The discourses surrounding the Indian education system have focused on the voices of the stakeholders – policy makers, activists, education experts and specialists, teachers, and parents, ignoring the insights and suggestions of those who experience it firsthand – children.
An independent researcher, Jahanara Raza, studying at Cambridge University took on the mandate of exploring the meaning of ‘voice’ with 13 adolescents from Tughalakabad Extension, New Delhi, delving into the meaning of voice, how it connects with their understanding of learning, with questions and thoughts not many have probed into – Do we really know how students feel about their education in India? How do they think about their learning? What do they understand by the concept of a voice?
Using the method of PhotoVoice, a mix of photography and visual arts, as a medium to provide a platform to the voices of adolescent girls, she collaborated with an Arts Organization called Slam Out Loud and conducted workshops over the course of 12 days, that transformed these young girls from mere participants to active co-researchers.
The adolescent girls between the ages of 14-17 years, who came from different religious, ethnic and socio-economic backgrounds, had one uniting factor – they all attended the neighbourhood government school and felt frustrated that nobody was listening to what they think, feel and want. And that was the starting point of their metamorphosis in discovering their ‘voice’.
The project began at the initiation of the researcher to collect empirical evidence to build a case for the potential of student voices to transform the education system. In the end, it evolved into a collaborative effort where each student facilitated group discussions, questioned each other on how they discovered the meaning of their voice and eventually co-created images describing their voice. They even designed their own image release form and selected the content on their own for each photograph.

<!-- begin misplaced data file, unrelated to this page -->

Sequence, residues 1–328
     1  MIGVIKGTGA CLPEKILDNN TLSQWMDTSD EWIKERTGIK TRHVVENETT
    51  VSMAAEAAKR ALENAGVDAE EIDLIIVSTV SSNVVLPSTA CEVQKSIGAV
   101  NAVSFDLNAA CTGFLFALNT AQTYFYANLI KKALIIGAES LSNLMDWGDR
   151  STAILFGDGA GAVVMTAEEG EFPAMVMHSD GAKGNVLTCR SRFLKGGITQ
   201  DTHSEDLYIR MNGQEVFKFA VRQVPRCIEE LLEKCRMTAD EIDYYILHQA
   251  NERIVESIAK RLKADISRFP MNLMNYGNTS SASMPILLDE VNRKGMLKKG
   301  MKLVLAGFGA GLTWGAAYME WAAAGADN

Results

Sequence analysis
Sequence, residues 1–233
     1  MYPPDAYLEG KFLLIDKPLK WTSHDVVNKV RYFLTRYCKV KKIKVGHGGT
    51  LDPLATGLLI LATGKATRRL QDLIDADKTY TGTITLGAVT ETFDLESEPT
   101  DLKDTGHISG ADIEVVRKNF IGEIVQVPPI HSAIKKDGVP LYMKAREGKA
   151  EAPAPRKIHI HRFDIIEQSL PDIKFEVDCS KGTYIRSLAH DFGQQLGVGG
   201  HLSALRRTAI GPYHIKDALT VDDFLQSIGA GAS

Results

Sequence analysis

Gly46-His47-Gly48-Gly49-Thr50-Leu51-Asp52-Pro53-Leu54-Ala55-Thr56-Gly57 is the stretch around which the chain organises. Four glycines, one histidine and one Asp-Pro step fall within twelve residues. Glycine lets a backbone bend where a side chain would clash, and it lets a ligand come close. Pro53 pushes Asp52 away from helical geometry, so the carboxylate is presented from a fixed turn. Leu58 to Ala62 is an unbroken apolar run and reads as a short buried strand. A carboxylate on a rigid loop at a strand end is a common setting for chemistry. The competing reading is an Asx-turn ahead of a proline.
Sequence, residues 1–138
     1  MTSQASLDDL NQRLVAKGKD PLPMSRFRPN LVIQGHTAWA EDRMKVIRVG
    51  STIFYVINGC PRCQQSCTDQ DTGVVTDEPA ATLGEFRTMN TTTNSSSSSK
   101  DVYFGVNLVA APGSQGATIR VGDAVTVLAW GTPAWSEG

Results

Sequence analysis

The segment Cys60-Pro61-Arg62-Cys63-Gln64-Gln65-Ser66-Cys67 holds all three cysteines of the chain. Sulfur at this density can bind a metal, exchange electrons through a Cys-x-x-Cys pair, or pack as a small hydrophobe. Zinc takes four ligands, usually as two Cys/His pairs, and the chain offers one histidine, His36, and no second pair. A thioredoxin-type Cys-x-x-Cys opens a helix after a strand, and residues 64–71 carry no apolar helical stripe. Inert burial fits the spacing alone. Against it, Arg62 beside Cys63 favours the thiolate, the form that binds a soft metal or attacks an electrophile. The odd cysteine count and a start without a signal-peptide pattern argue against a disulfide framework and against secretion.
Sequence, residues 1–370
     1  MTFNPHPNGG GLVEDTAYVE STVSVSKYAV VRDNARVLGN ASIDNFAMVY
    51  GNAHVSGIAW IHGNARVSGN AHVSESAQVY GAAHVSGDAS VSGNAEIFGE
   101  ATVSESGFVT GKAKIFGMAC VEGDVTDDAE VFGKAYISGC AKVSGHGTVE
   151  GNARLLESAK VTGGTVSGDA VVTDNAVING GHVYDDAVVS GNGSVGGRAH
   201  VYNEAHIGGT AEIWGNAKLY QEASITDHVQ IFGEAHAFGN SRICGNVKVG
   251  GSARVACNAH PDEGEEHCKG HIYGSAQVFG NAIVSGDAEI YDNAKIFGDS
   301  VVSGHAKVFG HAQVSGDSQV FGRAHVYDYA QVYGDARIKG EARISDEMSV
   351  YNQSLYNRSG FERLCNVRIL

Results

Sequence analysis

“I think the tipping point in the process began to happen when the professional photographer, Aaditi Kulshreshtha, came to do a workshop with the girls. Each one began sharing aspects of that one incident that was connected to both their voice and their learning. This could be a moment where they found out they don’t have a voice or understood it’s meaning or raised it against an oppressive force. It was heart-wrenching to hear stories where violence was inflicted, their agency was taken away or crucial opportunity denied. It was unfortunate that they learned to have a voice in the face of denial and oppression. It is inspirational to see how each one of them took their personal stories and transformed them into pieces of art. For me, that was the most satisfying aspect of the project- to see them visualize their stories. I find it completely bizarre that our system doesn’t understand that students will be ill-equipped to learn the basics of Maths and Science, if they don’t have a space to reflect on these life-defining incidents. How can one be open to new things when the daily fight against mental baggage and societal constraint weighs one down?” says Jahanaara at the completion of this project.
The outcome of the “Project Vastavikta – The brave hearts of Delhi” can be best articulated by the following photographs.
“The big block represents my big dreams but when I started growing up people started questioning them. Those thoughts, questions are breaking my dreams( broken pieces represents that).”
“These are my slippers that are showing the struggle and hard work. Just like my parents do. I also presume that these slippers conditions are showing poverty along with the commitment to work.”